...in a faint-inducing sweatshop

After the wettest July in the history of London, the first weekend of August saw the most welcome heatwave spread across the capital. In its wake came an upsurge in sales of bikinis, lots of red skin, and Turin Brakes performing in a faint-inducing sweatshop in Camden’s best boozer.

The latest in the long and prolific line of Clash Magazine’s Sunday Sessions at the Lock Tavern in Camden continued yesterday with another stunning line-up amidst stunning weather. Those sun-worshippers who arrived early were treated to a unique performance from the quite brilliant Stateless - a mostly instrumental performance due to lead singer Chris’ worsening laryngitis. Fortunately, bassist Justin stepped in to supply some smooth vocals to a number of tracks, expertly starting proceedings of the day with their signature tight funk and soulful sounds.

After the first live set, it was the DJ’s turn to shine, and spinning the wheels of steel in this slot was Kill City’s Lisa Moorish - adeptly careering from electro soul to disco in one fell swoop with one or two anthems thrown in for good measure.

Next on the upstairs stage, Clash favourite and all round nice guy, the wonderful Bobby Cook…

London’s lovelorn troubadour led his band through a 25-minute set, each song stripped to bare essentials - the drummer cross-legged on stage pounding on a single tom. His intimacy shone through, and while every others outside melted in the heat, those inside found their hearts melted by Bobby’s endearing voice. Latest single ‘Deja Vu’ and fan favourite ‘Gone So Far’ - with its lilting xylophone hooks - made sure to garner Cook and his men a few more friends and soulmates.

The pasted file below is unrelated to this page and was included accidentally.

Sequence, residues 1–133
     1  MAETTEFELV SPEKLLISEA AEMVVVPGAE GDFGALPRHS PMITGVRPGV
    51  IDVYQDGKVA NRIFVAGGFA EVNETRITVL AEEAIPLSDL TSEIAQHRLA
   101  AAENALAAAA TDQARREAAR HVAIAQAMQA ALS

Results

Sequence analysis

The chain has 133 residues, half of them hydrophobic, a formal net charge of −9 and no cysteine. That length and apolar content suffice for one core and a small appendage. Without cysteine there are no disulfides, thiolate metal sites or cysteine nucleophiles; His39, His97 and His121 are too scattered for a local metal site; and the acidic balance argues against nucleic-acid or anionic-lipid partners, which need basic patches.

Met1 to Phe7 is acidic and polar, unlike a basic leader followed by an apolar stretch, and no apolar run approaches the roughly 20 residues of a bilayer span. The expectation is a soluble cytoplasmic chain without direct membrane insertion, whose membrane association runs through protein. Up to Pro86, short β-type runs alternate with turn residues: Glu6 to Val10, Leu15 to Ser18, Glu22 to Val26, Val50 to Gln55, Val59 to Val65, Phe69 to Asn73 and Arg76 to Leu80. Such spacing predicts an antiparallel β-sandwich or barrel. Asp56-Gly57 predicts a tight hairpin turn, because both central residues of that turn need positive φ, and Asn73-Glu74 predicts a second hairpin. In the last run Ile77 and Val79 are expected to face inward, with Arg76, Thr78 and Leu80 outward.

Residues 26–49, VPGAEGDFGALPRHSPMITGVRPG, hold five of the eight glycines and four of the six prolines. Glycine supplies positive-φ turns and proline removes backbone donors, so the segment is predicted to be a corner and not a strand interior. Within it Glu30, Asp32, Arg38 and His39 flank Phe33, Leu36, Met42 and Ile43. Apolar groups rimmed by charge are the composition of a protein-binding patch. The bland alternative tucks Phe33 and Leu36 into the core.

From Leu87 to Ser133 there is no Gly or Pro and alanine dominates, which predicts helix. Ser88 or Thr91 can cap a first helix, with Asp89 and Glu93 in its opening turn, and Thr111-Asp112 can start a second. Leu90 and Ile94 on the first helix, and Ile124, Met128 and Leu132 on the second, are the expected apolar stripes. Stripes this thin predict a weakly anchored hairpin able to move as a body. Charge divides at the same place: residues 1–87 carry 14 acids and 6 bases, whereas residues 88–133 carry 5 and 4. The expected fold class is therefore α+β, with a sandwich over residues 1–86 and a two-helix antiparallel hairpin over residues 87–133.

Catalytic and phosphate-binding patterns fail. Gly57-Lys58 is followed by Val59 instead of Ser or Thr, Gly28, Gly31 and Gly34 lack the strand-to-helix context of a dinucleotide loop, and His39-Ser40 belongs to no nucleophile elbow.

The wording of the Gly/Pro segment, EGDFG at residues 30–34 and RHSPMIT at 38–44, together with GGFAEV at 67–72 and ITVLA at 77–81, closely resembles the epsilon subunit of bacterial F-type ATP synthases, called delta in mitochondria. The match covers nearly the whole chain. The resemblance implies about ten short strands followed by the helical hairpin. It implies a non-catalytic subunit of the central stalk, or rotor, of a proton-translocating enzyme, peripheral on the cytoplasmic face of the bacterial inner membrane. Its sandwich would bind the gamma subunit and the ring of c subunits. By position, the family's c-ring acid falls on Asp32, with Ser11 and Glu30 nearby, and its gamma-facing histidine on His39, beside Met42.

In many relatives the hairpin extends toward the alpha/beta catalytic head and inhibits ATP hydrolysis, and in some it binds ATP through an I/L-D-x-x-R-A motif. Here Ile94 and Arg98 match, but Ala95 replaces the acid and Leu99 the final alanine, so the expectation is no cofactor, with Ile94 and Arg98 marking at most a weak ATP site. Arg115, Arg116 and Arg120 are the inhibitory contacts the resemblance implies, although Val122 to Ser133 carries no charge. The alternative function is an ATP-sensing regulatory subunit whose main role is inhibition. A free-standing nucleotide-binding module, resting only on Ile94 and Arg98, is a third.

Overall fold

Taking over on decks duties next was Lisa Milberg, drummer with the Swedish supergroup The Concretes. After lazing in the bar’s cosy back garden for most of the day, indulging in a bit of BBQ action, she treated the punters to a glowing mix of obscure electro, indie gems, lo-fi faves and cool dance cuts.

Soon it was time for the action to move downstairs, for Turin Brakes were ready to play…
The five-piece crammed into the front corner of the downstairs bar, while all around the amassed crowd squeezed into every vantage point for a decent view of the Brakes in these exclusively small and intimate surroundings. “It’s bloody hot, isn’t it?” singer Olly Knights asked the crowd, stating the bleeding obvious!
Ahead of their forthcoming two-month Autumn tour, the band took the opportunity to run through tracks from their fourth album, ‘Dark On Fire’ (to be released September 17th on Virgin Records), much to the delight of their gathered fans who, incredibly, knew most of the words already and were singing along to every song - putting a smile on the faces of the band.
The new album’s title track sparked a charming singalong, while the crowd hushed when instructed to do so by Olly when introducing their “quiet song”, the delightful ‘Other Side’, and then picked things up a gear with the upbeat ‘Ghosts’, which Olly tells us is the song that made them want to make a new album. Saving their best known hits for later in the set, ‘Pain Killer’ was of course the pinnacle that dropped gleefully into the pool of beer and sweat and made sure that their hour long set was nothing less than a resounding success and a welcome return to a perennial favourite.
If you missed out on this once-in-a-lifetime gig, Clash will soon be posting videos and more pix to give you further glimpses into the day’s goings-on. Stay tuned…
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